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Lethbridge unemployment rate jumped to 9% in May

Click to play video: 'Lethbridge unemployment rate jumped to 9% in May' Lethbridge unemployment rate jumped to 9% in May
WATCH ABOVE: The economy in Lethbridge typically runs as a steady pace, however, COVID-19 is taking a toll on all local sectors. Quinn Campbell takes a look at the job losses in May – Jun 9, 2020

Lethbridge normally tends to weather economic challenges thanks to the prevalent agriculture industry that doesn’t fluctuate as much as other sectors like oil and gas, but it’s not immune to COVID-19.

The local region saw a spike of 2.2 per cent in the latest unemployment rates, leaving Lethbridge-Medicine Hat at nine per cent.

READ MORE: Lethbridge economy punches above its weight as mid-sized Alberta city: report

“The good news, if there is any, is that we are of course the lowest unemployment in the province,” said Trevor Lewington with Economic Development Lethbridge.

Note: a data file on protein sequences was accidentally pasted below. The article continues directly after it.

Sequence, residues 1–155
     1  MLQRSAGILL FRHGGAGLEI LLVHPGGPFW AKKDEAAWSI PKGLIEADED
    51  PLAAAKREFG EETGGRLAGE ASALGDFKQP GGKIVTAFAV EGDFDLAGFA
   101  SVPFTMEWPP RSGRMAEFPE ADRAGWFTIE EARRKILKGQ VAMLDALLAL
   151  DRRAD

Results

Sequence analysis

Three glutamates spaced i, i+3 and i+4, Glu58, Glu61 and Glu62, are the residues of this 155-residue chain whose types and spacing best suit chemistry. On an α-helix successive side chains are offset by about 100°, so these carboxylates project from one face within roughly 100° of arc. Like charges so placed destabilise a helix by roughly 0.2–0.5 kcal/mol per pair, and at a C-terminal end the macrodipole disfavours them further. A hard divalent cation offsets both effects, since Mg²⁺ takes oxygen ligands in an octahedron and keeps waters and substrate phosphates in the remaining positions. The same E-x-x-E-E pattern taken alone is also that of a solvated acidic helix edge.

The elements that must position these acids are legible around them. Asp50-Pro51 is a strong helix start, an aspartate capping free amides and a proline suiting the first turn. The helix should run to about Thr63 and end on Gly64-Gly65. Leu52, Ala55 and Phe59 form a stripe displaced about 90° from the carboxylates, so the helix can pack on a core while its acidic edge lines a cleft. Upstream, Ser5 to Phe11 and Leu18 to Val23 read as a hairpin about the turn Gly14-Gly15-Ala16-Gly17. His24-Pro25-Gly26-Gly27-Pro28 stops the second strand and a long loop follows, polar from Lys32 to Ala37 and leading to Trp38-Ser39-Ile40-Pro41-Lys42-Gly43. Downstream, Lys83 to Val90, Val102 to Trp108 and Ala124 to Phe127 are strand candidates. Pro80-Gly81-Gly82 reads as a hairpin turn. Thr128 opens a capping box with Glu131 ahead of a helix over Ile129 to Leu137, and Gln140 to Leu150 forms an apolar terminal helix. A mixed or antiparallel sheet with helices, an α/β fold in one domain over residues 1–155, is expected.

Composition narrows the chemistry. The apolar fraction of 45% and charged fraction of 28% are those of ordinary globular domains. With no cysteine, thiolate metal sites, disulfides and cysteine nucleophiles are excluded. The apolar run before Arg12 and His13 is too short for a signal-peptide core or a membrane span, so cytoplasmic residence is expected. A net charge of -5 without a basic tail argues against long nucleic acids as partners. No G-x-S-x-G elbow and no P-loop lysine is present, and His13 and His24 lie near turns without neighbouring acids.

There are some local sectors feeling the effects a bit more than others.

Educational services in the Lethbridge-Medicine Hat region incurred losses of another 1,100 positions in May. Agriculture saw losses of 1,200, accommodation and food services is down 1,500 from April and retail trade lost 1,600.

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Lewington added another area that took a hit was manufacturing, which shed 1,200 positions.

“Manufacturing jobs tend to pay more, they tend to be full time, so when we see a downturn in manufacturing jobs that’s a concern because of the cascade affect of that spend throughout the rest of the supply chain.”

READ MORE: Alberta’s 13.4% unemployment rate in April among highest in Canada amid COVID-19

Local employment remained strong in the health care and social assistance areas, finance, insurance and real estate.

Transportation and warehousing and professional, scientific and technical services all saw an uptick in May.

Lewington added it will be a few months down the road before we can really gauge how the local economy is doing.

“October, for me, is going to be a real key month for a look at what happens because that’s when a lot of the deferred debts will come due, and if people still aren’t able to pay them, that’s when we will really start to see impacts.”

Lewington said the reference week used to gather the May data was right before the economy began to reopen and he expects the numbers will improve for June.

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